The big problem is the blind acceptance of IPCC and other authorities by the American judiciary when dealing with legal challenges to the regulatory efforts, such as the effort to reverse the official finding during President Barack Obama’s term that carbon dioxide is a dangerous pollutant. The so-called “Endangerment Finding” was and remains the legal kingpin to all that has followed.

Again, from his introduction:

… this point cannot be overemphasized: Federal courts have failed completely to engage in any actual serious review of whether the supposed scientific basis for a climate change regulation is as strong, and typically one-sided, as the EPA (or other agencies) say it is.

Johnston has been at UVA for ten years, after a similar post at the University of Pennsylvania. In Charlottesville he both holds an endowed chair and heads the school’s John M. Olin Program in Law and Economics. He earned his doctoral degrees in a joint law and economics program at the University of Michigan. The book was not started years back to create a textbook for a course, but to push back on the efforts he saw by the climate crisis establishment to suppress and even silence questions or debate.

At the end, like many others, he comes down as an advocate for nuclear power as the baseload electricity source of choice. One way to make it more economically viable is to end all the artificial supports and subsidies for wind and solar. If you need a dispatchable source easier to match with fluctuating wind and solar outputs, then the newer natural gas units are better choice.

His views are probably not popular with many of his peers or students, but he said the law school continues to value and defend intellectual diversity. There may be “a small number of us,” but free market and conservative opinions exist and get expressed in peace. Would it be the same if he taught in the economics department in the main university program?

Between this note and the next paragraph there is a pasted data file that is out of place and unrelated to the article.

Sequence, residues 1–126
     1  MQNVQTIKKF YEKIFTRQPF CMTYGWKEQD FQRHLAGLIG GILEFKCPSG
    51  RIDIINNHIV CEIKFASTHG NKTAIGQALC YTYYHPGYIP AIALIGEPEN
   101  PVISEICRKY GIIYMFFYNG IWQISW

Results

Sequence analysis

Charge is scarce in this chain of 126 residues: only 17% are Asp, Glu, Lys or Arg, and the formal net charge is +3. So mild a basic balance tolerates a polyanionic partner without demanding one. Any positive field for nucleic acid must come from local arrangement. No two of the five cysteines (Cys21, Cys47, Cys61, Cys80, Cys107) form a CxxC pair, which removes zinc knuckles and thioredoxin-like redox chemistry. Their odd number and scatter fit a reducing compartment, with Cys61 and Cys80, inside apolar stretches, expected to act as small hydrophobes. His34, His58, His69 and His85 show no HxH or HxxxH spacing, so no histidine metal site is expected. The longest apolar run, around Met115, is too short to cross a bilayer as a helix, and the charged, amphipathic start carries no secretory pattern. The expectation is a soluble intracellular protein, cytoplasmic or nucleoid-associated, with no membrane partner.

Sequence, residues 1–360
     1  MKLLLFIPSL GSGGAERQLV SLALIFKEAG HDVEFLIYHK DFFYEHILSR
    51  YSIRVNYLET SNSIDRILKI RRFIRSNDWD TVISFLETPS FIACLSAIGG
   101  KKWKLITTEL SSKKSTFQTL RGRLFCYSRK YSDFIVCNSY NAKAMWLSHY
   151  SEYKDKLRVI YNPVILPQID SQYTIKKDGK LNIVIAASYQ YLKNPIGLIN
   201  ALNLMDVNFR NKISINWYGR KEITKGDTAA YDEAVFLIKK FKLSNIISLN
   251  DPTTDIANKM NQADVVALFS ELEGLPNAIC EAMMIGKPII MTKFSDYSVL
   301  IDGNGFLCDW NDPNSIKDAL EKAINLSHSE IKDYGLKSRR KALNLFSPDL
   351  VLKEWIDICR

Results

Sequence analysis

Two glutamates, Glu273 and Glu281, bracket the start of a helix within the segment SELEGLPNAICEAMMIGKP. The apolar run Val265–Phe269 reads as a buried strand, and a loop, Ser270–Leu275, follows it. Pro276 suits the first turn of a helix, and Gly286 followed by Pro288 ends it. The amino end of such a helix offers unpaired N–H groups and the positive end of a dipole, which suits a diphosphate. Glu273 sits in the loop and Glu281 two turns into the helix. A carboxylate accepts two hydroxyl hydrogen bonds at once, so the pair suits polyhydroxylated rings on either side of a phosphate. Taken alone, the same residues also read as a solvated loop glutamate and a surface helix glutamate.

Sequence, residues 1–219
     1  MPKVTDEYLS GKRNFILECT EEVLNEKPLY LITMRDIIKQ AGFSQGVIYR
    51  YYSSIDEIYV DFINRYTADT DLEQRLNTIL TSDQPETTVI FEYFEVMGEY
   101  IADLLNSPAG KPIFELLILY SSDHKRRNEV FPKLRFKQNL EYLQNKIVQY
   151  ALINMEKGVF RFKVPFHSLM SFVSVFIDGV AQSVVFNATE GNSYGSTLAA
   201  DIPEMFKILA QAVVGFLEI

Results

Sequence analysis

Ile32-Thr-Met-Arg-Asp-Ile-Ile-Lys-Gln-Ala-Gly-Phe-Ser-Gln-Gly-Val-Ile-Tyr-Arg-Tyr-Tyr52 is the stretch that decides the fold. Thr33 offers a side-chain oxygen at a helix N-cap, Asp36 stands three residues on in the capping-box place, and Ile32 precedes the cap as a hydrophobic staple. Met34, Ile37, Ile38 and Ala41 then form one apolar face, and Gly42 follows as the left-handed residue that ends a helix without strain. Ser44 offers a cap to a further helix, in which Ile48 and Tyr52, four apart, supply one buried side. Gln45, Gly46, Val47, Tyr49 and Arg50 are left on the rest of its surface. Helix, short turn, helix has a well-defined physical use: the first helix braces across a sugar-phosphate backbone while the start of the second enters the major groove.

Perhaps not. As to tolerance and encouragement of intellectual diversity, he said, “the university as a whole is moving towards being one of the worst places.” The law school remains a place apart.

In looking around for more information on Johnston or the book, a little Wikipedia label popped up and provided an excellent example of what exactly he seeks to fight:

Climate change includes both human-induced global warming and its large-scale impacts on weather patterns. There have been previous periods of climate change, but the current changes are more rapid than any known events in Earth’s history. (Emphasis added.)

 The assertion in the final part of the final sentence is contradicted by a pile of evidence, with the climate history record a major topic of study.  There have been previous periods of warming or cooling at similar and perhaps even greater rates of change. But erasing any geological record that indicates this is all just routine variation is just as important to the climate crisis myth as erasing the present-day humans who dispute the orthodoxy.